The first thing that the laser must accomplish is physical penetration into the welding seam. The laser beam has to join two pieces of metal together. This may require various characteristics of energy. For example, a 3mm platinum ring shank would require different energy than an 18k yellow gold earring post. The delivery of the beam into a welding seam is called penetration. Penetration is gained by control- ling the physical force of the laser beam that most lasers on the market control through a variable parameter called voltage. This parameter is usually expressed as voltage as well. Voltage controls the physical force of photons (matter) in the light beam. Figure 1 shows examples of weld spot cross sections using various voltage settings. The figures are not to scale, and the listed parameters are not exact; they are only intended to show basic principles. Notice that when the voltage setting alone is increased greater physical penetration is achieved. The voltage parameter is one characteristic ofthe laser beam energy output. The laser must have enough energy to transport itself to the job site, meaning that it must overcome resistance of metal around the weld seam, and penetrate through the resisting metal so that it can access the inner faces of the seam.
Once the laser beam has penetrated to the job site it must have enough energy left in it to do the work (melt the surrounding metal). Notice in Figure I how increased volt- age alone creates an empty hole with little melting effect.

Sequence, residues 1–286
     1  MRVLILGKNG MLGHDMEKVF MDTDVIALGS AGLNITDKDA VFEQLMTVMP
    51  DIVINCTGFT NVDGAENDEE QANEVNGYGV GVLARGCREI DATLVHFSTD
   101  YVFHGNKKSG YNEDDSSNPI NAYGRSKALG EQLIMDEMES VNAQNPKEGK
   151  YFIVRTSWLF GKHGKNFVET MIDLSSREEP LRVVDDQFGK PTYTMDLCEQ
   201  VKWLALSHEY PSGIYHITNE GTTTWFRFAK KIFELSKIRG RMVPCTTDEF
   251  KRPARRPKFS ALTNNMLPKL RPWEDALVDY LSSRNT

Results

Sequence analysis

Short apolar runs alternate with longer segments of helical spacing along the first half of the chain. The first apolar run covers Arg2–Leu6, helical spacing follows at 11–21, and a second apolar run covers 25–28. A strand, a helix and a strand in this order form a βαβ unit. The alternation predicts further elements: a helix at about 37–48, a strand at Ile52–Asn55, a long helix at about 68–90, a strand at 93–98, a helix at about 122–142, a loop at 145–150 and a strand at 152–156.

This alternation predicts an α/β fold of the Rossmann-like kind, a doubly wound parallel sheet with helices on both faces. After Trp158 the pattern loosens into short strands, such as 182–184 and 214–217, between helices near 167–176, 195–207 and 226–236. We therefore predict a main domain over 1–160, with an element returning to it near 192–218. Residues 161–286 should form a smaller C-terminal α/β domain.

Another controllable energy characteristic is the duration that that the beam stays exposed in the metal over a single laser pulse, (“pulse duration”). Some correctly refer to this as “beam width”. I think “pulse duration” better describes what is happening. Pulse duration is controllable on most machines in increments measured and expressed in milliseconds (thousandths ofa second). Leaving the laser energy exposed in the metal for longer heats the surrounding metal to its melting point and collapses the metal upon itself, thus fusing it together in a way that seamlessly joins the metal. Notice in Figure 3 that longer pulse durations melt a spot that is wider and deeper. Pulse duration can be used to gain penetration through melting rather than the